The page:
The storm had lifted and the temperature had begun to plummet as we turned off the pavement onto a Rio Arriba county road. It’s sunny in Santa Fe, but here a foot of fresh snow blankets the dirt track. I slow the Frontier down and shift into low but the footing seems solid, as long as we keep moving. Photo: Kitty Leaken
The storm had lifted and the temperature had begun to plummet as we turned off the pavement onto a Rio Arriba county road. It’s sunny in Santa Fe, but here a foot of fresh snow blankets the dirt track. I slow the Frontier down and shift into low but the footing seems solid, as long as we keep moving.
Rounding a corner, we are startled to see a county plow truck coming toward us. Luckily, there is a bit of extra room to the right and I ease off the road, graze a hidden boulder and coast back into the now-cleared road—smooth sailing ahead. “You gotta be lucky,” my father-in-law used to saw. Amen.
We roll on down into the hidden valley of the Rio Vallecitos. We park off the road at the river crossing, load up the kids’ old plastic toboggan and I do my Alaskan husky imitation, ferrying water, food and other gear for a winter foray to our cabin, about a quarter mile downstream. In summer, we drive across this waterway to access the property, but heavier trucks had been through it, breaking through the unset ice and turning it into a jumbled impasse.
Rope around my chest, I am off like a tortoise, dragging the sled over hill and dale. Kitty has gone ahead, and I see her off in the distance doing a sort of ballet movement with arms extended and a twirl or two as she drops out of sight. Continue reading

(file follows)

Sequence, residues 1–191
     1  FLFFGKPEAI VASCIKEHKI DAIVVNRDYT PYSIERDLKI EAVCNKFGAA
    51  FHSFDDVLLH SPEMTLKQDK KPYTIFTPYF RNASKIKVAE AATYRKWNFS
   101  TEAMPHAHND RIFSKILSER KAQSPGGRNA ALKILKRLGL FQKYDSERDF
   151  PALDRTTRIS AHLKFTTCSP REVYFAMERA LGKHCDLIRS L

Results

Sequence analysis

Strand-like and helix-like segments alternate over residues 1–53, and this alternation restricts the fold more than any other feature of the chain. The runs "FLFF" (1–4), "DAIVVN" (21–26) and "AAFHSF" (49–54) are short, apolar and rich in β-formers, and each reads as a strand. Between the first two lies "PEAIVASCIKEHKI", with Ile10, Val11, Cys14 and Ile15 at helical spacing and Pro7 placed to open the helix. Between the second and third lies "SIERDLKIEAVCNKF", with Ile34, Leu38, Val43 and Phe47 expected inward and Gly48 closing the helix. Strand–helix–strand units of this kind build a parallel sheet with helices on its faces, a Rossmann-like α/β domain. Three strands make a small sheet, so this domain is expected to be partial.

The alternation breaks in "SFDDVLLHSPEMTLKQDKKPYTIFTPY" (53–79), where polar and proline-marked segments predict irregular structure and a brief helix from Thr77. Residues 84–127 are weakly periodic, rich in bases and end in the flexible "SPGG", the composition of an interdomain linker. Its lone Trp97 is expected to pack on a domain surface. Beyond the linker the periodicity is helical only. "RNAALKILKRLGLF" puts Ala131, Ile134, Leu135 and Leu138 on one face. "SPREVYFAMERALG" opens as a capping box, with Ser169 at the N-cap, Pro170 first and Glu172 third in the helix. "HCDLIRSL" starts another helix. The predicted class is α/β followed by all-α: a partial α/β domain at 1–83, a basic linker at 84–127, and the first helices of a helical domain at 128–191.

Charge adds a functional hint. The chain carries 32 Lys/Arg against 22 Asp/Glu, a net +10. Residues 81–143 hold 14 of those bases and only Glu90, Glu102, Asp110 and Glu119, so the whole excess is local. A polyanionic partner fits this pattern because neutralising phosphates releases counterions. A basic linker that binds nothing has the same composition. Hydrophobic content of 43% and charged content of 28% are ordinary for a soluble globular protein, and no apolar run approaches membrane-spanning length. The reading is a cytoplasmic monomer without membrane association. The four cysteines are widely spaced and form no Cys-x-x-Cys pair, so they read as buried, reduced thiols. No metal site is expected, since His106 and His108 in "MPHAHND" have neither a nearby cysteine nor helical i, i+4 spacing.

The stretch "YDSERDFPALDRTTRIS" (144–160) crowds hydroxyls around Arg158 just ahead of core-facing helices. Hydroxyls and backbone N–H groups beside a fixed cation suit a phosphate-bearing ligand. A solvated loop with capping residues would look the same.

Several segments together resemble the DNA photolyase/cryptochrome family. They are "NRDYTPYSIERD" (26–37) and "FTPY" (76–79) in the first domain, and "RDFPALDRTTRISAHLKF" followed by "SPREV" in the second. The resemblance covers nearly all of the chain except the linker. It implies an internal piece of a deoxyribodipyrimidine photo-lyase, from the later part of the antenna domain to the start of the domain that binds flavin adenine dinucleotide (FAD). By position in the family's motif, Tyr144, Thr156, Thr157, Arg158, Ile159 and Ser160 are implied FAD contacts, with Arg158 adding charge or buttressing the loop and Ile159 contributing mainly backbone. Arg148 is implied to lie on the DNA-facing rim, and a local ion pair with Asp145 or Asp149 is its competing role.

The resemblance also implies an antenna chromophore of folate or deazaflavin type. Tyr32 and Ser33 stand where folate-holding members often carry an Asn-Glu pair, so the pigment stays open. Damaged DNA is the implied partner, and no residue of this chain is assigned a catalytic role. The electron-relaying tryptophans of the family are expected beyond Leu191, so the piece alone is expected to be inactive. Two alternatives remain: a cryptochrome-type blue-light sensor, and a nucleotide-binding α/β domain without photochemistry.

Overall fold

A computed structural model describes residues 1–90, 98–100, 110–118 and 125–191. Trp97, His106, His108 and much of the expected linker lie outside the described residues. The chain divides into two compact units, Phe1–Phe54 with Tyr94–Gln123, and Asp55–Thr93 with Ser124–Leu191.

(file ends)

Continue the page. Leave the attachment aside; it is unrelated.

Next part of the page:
Taos Gorge, photo by Geraint Smith
For your holiday gift list this year, think outside the box—way outside it—with gifts that refuse to be contained. Rather than giving eachother more stuff that has to be stored and maintained, why not give your loved one an experience they’ll cherish for a lifetime? Give the gift of knowledge, joy or adventure. While such things are intangible, they are also meaningful and enduring.
An Old-Fashioned Sleigh Ride
What could be more quintessentially yuletide than a horse-drawn sleigh ride in the snow? Throw in hot cocoa and cookies, and we’ve officially reached peak winter nostalgia. Arrange for a couples or family ride with Roadrunner Tours in Angel Fire.
The frost may bite, but that will only add to your warm, fuzzy feelings as the sleigh glides along a groomed nature trail starting at 4 p.m. A short stop at the halfway point allows for photo opportunities and time to walk around, pet the horses, and take in the peaceful surroundings. For the more culinary minded, you can add on a three-course meal following the ride. Tours are available December through March, last just under one hour and are appropriate for all ages. “This is our 33rd year of doing sleigh rides for Christmas,” owner Nancy Burch says. “It’s a tradition, and it makes a wonderful gift.” It’s not only a longstanding tradition, but also a popular one: During the Christmas season, tours fill quickly, so plan ahead and make reservations in advance.
Roadrunner Tours: $40/kids; $50/adults, 575.377.6416, nancyburch.com/sleigh-carriage Continue reading
In Colorado, the Rio Grande is an excellent river to float-fish––it has a lot of the medium-speed, even currents that suits the style of fishing and there are roads paralleling the river and numerous places for put in/take outs. This all-important ease of access is not the case once the Rio enters New Mexico, because except for a short portion above Pilar the river runs through a roadless canyon.
We have 50 miles of exceedingly wild river that requires considerable effort to drift and much of it is simply too rowdy to drift fish. But as the saying goes “if it was easy everybody would be doing it.” It’s highly unlikely that you’ll see another fisherman in this country—let alone one that’s in a boat. So if it’s solitude and a lack of competition that you’re looking for, this is it. Continue reading